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DOL Scores Only Partial Victory in an Investment Manager Case

Hodgson Russ Newsletter
August 31, 2017

The U.S. Department of Labor (DOL) filed a lawsuit in a Pennsylvania federal court alleging that a retirement plan committee and its members violated their ERISA fiduciary duties because qualified retirement plan assets were not properly invested for a period during which the committee believed it had a valid agreement in place with an ERISA Section 3(38) investment manager. The DOL further alleged the retirement plan committee and its members were liable as co-fiduciaries for the investment manager’s mismanagement of plan assets that resulted in millions of dollars in losses, and were also liable for failing to comply with the duty to monitor the appointed investment manager.

The plan committee and its members filed a motion to dismiss the DOL claims. As to allegations of failing to invest plan assets and co-fiduciary liability, the Committee asserted that because an investment manager had been appointed and was responsible for investing plan assets, they were relieved from any such liability under ERISA Section 405(d)(1) for the acts or omissions of the investment manager and from any obligation to invest the plan assets. The DOL argued, among other things, that the language of ERISA Section 405(d)(1) only insulates “trustees” and that none of the defendants were in fact plan trustees. The defendants countered by arguing that it is a reasonable reading of ERISA to conclude that any plan fiduciary with the authority to control and manage plan assets (including the authority to appoint a 3(38) investment manager) is entitled to the protection of ERISA 405(d)(1), regardless of whether the fiduciary is a “trustee.”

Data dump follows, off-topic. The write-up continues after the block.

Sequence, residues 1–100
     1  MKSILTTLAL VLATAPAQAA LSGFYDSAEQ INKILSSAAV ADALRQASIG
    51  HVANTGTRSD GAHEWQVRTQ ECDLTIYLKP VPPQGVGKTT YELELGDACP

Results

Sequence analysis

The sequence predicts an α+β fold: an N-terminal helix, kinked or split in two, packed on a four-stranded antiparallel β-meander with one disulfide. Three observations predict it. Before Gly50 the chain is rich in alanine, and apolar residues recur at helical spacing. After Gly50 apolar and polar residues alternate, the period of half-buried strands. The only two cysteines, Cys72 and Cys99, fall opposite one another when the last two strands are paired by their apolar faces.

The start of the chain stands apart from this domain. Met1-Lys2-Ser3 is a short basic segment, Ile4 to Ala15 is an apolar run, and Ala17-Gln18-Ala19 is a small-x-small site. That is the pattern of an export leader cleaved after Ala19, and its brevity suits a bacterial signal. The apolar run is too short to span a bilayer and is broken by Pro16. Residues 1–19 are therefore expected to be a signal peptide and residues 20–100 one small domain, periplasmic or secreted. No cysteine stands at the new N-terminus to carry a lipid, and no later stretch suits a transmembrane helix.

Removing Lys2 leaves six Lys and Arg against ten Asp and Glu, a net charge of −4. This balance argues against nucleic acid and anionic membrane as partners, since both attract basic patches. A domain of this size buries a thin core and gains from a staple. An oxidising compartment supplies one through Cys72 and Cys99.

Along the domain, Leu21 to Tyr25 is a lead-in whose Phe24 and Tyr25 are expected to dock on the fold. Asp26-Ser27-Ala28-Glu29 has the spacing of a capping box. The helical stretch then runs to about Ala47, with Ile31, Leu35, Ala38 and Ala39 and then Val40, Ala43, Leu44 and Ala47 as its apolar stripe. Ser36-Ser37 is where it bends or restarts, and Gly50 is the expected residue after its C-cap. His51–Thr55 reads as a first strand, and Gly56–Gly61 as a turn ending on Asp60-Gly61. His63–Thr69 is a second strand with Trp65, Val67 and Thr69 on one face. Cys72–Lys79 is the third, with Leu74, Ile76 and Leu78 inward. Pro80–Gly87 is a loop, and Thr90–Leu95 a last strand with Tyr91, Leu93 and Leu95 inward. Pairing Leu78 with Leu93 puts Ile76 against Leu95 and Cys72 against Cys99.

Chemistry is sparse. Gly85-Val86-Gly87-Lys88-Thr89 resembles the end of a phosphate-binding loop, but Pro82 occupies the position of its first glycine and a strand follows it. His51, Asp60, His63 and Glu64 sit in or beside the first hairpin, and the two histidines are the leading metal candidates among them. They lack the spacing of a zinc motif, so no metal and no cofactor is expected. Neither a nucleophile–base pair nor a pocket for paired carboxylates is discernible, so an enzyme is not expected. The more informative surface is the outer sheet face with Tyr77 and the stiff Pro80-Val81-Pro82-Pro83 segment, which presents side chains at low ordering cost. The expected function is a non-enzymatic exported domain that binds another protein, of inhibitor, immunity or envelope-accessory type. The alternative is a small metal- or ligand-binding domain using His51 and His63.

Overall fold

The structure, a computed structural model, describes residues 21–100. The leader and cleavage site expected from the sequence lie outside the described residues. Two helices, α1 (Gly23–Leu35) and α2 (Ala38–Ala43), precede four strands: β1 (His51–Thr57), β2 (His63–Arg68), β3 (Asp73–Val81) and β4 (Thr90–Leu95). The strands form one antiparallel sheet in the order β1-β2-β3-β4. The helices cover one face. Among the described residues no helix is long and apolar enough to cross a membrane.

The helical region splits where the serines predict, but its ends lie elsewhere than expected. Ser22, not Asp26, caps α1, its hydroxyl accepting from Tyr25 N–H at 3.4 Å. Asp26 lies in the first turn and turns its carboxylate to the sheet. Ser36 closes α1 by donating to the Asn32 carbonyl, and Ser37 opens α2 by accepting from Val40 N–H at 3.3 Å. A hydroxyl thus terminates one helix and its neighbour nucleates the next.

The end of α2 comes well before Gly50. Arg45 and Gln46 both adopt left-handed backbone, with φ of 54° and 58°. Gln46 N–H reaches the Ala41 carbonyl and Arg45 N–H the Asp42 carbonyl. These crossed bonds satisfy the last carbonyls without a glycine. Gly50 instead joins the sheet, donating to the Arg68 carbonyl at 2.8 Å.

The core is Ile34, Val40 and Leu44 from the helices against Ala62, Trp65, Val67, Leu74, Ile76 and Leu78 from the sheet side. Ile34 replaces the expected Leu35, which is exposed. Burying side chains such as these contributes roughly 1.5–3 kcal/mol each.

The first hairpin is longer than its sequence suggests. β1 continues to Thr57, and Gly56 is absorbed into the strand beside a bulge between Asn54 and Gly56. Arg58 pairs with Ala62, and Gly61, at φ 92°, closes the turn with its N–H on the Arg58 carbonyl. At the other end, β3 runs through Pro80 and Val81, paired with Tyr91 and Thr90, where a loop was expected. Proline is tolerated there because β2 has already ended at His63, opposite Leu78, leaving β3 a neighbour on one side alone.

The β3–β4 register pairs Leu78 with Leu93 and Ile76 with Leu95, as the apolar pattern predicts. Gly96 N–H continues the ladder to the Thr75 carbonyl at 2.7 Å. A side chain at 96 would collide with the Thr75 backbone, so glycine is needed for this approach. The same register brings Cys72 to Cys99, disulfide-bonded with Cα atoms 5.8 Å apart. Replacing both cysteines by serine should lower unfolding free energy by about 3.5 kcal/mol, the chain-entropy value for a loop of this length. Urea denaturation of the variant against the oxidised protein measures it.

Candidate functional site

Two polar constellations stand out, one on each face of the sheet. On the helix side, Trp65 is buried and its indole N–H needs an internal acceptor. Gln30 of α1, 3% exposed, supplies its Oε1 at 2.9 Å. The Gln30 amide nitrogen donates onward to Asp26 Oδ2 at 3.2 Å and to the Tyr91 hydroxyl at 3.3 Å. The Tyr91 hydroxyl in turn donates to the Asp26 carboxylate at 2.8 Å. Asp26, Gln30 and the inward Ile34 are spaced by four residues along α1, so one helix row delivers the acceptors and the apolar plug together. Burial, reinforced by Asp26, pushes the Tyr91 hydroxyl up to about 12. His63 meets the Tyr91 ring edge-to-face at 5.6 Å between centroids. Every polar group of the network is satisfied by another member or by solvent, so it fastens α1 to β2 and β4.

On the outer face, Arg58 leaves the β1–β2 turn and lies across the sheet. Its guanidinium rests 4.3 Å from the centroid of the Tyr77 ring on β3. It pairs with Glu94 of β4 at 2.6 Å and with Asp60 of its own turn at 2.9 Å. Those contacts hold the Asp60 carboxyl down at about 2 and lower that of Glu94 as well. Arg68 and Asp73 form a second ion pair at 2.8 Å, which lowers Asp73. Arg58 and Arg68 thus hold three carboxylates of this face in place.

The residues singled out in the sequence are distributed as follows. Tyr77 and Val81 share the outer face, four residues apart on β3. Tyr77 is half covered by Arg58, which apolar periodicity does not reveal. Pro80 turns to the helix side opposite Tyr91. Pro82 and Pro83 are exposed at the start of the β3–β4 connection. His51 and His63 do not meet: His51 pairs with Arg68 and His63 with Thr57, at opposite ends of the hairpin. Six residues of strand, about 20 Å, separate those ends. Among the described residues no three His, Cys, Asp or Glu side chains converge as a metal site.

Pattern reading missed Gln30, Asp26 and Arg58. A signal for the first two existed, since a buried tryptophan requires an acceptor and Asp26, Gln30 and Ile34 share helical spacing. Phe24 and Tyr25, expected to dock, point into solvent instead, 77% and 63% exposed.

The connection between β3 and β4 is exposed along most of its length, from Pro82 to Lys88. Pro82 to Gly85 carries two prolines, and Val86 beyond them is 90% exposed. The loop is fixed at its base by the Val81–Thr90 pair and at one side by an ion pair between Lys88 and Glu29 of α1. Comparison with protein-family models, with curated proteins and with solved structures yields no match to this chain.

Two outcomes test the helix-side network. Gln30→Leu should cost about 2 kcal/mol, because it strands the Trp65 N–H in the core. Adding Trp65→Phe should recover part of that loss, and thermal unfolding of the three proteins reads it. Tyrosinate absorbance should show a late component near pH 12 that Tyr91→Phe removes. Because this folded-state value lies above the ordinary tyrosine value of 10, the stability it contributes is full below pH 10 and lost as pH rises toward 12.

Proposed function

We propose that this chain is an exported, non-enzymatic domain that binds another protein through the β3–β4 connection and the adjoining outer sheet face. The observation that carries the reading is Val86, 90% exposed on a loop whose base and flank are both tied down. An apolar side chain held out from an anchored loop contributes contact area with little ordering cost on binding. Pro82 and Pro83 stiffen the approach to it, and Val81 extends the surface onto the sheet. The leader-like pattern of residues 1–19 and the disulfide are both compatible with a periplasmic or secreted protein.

With respect to the DOL’s claims relating to failure to invest and co-fiduciary liability, the court sided with the plan committee and ruled that named fiduciaries who have the authority to control plan assets and who have properly appointed an investment manager are protected from liability by ERISA Section 405(d)(1), even though they are not the appointed plan trustees. Because ERISA allows for the possibility that a named fiduciary other than the plan trustee will have the power to control or manage the assets of a retirement plan, the court found it is logical to conclude that whoever had control over the plan assets prior to the appointment of the investment manager should obtain the benefit of the protections afforded by ERISA Section 405(d)(1).

The court, however, was unwilling to dismiss the DOL’s claim based on the plan committee’s failure to properly monitor the appointed investment manager. In deciding that the DOL properly stated a claim of failure to monitor, the court determined that an appointing fiduciary is required to put reasonable procedures in place and follow the procedures so that the fiduciary can review and evaluate whether an investment manager is properly discharging its responsibilities. While the record before the court was not sufficient to evaluate the committee’s conduct with respect to its monitoring of the investment manager in this case, the court found that the DOL had properly stated its failure to monitor claim.

The court’s rulings in this case provide an important reminder of the potential advantages of using an investment manager to shield the appointing plan fiduciary from liability associated with appointing an investment manager to invest plan assets. However, the appointing fiduciary is not totally without responsibility once the investment manager has been appointed – the appointing fiduciaries are required to have procedures in place that will allow them to review and evaluate whether the investment fiduciaries (in this case, the investment manager) are properly discharging their investment responsibilities. Perez v. WPN Corporation (W.D. Pa. 2017)